The name Agra is mainly famous for the iconic UNESCO World Heritage Site, Taj Mahal. However, the city is more than just the Taj Mahal; it holds the history of a significant part of the Mughal Empire. The famous Agra Fort had been the home of Mughal Emperors for many generations. In those days, the entire Mughal kingdom used to be controlled from this Fort. The most famous Mughal king Akbar was based here most of the part of his rule, except the time he shifted his capital to Fatehpur Sikri for a couple of years. In the reign of Emperor Akbar, the Mughal Kingdom had thrived maximum. According to this famous Emperor,
"A monarch should be ever intent on conquest, lest his neighbors rise in arms against him."
After Akbar, his son Emperor Jahangir and grandson Shah-Jahan continued ruling from this fort. The stories of these Emperors are still embedded in every corner of this fort. On a hot summer day of April, I started my journey to feel the era of royalty, kingdom, battles, and glory.
Entering Agra Fort
A strange thought came across my mind as soon as I stepped in the Agra Fort. Once, I read somewhere, that Emperor Akbar has forbidden the marriage of the Mughal princes to anyone outside the family after the betrayal of his sister’s husband. So, most of the princesses had to remain unmarried their whole life. A glimpse to the red brick fort had brought the vision of an alluring princess, dressed in diamonds and gold-strings—eyes sad with uncountable grief. From her bondage inside the grandeur of the palace, her eyes searched for her true love...maybe a soldier of lower rank, separated forever from his dream girl by the manner of birth. Standing in the land, where the mark of eternal love is located, these unseen love stories had lured me inside the palace, where the history of many generations of Mughal kings is still alive inside its bricks.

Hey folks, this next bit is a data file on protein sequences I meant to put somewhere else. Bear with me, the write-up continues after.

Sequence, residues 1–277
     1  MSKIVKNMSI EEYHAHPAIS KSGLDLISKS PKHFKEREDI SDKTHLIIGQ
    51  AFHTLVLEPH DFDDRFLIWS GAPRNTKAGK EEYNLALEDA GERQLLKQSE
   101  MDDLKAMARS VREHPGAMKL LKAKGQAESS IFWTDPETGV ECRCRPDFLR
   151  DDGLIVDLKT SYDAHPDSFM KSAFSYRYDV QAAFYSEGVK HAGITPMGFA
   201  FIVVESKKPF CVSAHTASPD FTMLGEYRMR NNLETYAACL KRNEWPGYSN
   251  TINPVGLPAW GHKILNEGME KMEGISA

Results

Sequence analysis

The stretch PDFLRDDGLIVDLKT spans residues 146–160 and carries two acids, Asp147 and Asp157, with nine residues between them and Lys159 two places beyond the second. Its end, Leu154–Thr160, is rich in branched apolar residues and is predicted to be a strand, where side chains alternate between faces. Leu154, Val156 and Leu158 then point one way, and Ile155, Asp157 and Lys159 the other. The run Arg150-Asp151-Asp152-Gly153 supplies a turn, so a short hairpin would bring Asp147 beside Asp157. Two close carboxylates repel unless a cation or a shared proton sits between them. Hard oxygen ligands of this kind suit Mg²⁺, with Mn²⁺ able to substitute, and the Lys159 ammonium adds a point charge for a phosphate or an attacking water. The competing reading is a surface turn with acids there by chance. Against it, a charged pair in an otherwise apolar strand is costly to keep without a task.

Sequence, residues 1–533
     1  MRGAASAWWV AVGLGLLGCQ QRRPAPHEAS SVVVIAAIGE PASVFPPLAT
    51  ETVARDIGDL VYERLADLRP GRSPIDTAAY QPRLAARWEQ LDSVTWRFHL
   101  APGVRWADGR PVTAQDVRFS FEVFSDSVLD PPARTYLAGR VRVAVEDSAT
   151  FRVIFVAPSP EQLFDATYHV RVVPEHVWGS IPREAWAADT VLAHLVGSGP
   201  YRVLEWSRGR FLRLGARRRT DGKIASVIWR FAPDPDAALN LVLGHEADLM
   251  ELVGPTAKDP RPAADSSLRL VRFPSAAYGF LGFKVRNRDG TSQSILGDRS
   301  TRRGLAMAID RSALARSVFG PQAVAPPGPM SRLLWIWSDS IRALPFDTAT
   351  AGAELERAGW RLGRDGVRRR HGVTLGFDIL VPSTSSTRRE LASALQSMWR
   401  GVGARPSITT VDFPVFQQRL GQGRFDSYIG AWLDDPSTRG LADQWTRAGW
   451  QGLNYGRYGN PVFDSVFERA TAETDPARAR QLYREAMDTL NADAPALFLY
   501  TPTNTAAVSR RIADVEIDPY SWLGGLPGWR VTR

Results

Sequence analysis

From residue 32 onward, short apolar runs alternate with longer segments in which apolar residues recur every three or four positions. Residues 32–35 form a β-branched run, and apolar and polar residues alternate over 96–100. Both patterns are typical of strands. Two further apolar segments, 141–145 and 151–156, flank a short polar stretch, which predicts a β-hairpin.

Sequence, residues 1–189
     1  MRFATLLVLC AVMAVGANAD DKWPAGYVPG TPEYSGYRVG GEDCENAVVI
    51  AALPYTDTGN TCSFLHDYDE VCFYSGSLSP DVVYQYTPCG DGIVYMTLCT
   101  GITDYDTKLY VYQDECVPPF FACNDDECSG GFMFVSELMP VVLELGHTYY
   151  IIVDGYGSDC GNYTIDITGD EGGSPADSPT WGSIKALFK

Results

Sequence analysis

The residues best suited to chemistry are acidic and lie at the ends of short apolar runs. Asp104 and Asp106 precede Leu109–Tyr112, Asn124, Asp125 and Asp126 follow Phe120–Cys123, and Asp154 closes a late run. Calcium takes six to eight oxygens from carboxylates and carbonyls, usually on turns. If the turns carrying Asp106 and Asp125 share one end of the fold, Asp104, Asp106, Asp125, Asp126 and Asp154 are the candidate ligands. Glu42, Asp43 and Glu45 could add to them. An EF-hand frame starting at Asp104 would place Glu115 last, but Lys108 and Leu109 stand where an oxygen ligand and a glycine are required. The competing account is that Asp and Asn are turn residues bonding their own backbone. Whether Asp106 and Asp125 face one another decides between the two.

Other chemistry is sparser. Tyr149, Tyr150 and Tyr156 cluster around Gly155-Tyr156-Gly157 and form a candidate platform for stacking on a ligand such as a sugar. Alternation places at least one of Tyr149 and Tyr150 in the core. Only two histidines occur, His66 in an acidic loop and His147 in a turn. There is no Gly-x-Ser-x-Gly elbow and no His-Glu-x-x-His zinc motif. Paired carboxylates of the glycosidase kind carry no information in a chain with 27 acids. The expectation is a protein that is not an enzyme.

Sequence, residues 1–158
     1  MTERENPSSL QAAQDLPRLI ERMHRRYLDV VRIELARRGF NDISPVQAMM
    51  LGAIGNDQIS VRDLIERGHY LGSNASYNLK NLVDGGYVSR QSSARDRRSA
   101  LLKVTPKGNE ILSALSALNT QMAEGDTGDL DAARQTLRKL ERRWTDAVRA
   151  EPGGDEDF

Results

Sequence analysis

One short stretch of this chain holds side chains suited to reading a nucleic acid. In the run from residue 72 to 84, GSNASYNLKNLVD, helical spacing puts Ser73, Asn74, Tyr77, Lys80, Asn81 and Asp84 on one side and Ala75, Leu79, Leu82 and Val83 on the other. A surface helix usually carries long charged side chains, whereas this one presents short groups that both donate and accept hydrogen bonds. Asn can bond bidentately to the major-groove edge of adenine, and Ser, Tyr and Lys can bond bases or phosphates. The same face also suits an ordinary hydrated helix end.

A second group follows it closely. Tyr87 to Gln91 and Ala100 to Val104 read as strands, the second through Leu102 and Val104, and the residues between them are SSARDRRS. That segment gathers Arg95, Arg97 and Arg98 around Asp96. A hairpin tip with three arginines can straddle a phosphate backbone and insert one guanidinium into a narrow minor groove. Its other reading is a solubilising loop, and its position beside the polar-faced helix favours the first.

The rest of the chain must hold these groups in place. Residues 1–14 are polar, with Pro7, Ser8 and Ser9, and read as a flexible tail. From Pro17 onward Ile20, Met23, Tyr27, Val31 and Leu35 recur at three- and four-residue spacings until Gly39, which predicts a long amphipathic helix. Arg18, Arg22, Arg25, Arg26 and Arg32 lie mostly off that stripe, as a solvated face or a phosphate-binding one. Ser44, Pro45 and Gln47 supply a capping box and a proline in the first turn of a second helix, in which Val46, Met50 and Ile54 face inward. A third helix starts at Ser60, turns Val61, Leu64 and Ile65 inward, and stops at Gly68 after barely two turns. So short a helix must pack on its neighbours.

The red-marble large gate took me inside this great masterpiece of the Mughals. It was indeed a piece of wonder. Two parts of canals surrounded the area around the fort. One part was used to fill up water and kept for the crocodiles, and the other part was the home of Royal Bengal Tiger in the era of Mughals. The entire design proved that the Mughals didn't take their security for granted. The two main gates were created in asymmetrical order so that the outsiders got confused while entering.
Agra Fort was the home of Mughal kings for a few generations. Every Emperor and their consorts had their distinct manner of living, which is evident in the various parts of the fort. The architectural styles of the sections also vary according to the likings of various emperors. The fort was primarily built with red sandstone, but there were also portions made with white marble. The part built with white marbles was the work of Shah-Jahan. Amongst all the Mughal princes, he was the one to favor the white marbles. Till the era of Shah-Jahan, his father Jahangir, grandfather Akbar had preferred the red-sandstone. The various parts of the fort are marked by multiple living arrangements of Mughal emperors and their queens. The stories related to them are very enjoyable.
Palace of Jodhabai and Noorjahan